Defendant's dogs escaped from Defendant's yard and attacked and killed a six-year-old boy.  The trial court convicted Defendant of owning a mischievous animal that causes death and involuntary manslaughter.  The Court of Appeals reversed and remanded the trial court's conviction for owning a mischievous animal that causes death due to erroneous jury instructions. 

People v. Sanchez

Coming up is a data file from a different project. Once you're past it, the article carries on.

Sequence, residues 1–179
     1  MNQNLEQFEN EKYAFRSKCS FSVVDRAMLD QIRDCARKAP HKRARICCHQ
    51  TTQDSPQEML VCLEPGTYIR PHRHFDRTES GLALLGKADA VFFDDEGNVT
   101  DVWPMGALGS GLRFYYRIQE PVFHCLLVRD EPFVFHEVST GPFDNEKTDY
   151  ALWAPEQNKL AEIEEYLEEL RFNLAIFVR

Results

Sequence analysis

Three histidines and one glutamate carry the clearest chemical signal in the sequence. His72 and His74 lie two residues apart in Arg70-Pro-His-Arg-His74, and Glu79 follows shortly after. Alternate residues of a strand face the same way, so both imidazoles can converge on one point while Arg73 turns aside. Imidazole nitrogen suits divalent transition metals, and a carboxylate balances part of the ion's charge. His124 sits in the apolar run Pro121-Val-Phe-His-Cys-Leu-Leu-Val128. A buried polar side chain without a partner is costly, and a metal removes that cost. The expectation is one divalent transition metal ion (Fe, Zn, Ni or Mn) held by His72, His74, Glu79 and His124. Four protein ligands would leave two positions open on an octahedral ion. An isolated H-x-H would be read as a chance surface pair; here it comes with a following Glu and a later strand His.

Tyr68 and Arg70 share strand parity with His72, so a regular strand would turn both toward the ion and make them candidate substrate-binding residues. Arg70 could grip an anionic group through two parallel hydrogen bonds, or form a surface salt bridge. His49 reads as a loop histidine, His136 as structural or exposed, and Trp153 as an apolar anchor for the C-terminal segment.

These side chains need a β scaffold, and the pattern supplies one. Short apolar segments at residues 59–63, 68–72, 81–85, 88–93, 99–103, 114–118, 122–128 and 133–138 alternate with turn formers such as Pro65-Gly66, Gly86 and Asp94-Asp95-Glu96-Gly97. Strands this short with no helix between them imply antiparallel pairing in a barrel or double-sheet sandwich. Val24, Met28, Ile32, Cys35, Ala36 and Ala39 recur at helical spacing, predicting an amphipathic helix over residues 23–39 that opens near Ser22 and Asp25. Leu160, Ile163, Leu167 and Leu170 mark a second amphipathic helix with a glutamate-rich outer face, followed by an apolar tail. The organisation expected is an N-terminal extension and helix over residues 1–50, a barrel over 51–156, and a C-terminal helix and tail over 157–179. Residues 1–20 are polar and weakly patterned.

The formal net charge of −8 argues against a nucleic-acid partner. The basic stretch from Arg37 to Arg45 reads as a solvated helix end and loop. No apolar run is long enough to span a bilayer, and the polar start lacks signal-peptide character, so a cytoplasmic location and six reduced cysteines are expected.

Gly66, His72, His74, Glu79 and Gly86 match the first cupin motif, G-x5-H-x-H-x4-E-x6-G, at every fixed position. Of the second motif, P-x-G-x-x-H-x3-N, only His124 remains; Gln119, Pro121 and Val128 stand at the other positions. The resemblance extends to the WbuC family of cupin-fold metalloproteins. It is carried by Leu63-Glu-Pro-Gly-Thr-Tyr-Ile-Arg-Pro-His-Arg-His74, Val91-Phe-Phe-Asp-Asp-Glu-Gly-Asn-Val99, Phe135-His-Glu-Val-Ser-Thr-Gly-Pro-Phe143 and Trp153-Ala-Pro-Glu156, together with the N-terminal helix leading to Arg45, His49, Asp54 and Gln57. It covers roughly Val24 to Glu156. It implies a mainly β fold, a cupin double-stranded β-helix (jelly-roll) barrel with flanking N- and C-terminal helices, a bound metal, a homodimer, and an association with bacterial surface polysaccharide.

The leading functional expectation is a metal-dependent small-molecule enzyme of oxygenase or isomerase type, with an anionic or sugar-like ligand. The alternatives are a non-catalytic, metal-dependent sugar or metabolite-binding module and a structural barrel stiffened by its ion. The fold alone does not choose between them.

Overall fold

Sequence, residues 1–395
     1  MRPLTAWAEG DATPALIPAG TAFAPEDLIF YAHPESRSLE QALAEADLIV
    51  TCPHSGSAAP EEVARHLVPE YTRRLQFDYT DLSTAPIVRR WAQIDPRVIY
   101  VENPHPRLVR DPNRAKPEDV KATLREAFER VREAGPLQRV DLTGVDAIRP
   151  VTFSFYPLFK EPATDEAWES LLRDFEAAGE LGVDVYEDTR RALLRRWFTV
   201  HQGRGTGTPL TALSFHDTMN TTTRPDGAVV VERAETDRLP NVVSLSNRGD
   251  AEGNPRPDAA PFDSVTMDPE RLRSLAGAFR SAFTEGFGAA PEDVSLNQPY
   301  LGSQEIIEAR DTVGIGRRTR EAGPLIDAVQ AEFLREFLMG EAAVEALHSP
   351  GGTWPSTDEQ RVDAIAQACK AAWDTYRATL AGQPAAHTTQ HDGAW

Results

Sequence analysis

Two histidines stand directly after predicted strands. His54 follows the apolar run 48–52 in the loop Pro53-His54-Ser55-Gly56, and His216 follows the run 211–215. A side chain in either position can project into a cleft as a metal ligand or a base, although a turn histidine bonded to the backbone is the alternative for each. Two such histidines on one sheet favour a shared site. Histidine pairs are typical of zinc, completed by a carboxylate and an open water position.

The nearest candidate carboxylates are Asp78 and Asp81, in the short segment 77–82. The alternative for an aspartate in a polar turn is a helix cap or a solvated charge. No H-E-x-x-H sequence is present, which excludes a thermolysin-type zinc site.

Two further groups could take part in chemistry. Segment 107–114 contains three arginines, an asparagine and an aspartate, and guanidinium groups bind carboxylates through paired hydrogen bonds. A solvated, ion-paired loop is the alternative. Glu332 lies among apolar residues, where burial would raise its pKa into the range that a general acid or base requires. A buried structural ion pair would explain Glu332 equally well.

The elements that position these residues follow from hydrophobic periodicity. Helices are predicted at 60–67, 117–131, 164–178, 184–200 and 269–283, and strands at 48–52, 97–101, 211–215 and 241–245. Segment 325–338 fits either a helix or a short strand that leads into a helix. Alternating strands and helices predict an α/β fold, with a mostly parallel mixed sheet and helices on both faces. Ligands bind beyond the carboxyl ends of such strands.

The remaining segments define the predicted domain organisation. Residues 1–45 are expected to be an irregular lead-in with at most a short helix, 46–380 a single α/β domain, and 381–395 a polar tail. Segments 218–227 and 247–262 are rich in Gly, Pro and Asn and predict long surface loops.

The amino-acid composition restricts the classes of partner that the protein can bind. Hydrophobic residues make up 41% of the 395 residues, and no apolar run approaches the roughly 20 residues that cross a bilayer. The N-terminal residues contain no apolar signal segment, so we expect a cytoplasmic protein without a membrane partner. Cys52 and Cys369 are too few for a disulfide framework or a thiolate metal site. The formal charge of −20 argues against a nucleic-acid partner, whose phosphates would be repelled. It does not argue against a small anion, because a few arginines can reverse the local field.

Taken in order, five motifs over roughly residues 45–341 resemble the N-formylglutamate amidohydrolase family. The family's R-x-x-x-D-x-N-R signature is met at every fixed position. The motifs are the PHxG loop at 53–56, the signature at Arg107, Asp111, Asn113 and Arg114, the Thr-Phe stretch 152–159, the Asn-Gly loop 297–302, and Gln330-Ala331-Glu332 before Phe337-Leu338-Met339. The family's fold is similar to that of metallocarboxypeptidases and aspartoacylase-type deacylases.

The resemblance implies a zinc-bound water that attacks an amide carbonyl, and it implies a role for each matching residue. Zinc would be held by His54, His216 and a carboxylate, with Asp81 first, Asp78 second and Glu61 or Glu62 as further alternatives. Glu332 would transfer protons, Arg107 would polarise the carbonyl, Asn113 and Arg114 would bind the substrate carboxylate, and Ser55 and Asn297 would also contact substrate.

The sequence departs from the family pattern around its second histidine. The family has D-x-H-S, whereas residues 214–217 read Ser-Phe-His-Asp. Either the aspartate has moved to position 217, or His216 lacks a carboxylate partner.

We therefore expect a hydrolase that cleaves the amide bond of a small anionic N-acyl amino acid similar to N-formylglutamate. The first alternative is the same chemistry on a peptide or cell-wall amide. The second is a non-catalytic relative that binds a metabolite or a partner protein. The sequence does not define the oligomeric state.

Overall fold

Defendant on appeal challenges six counts of animal cruelty. The court affirmed five counts which were based on a continuing course of conduct and reversed one count that was based upon evidence of two discrete criminal events.

People v. McCree



Defendant was convicted, after a jury trial, of eight counts of possession and training of a


fighting dog and two counts of causing a dogfight


for gain. Defendant appealed. The Court of Appeal, held that: (1) prosecutor's cross-examination of defense witness was proper; (2) prosecutor's closing arguments were proper; and (3) evidence supported the convictions.


Affirmed.



Pages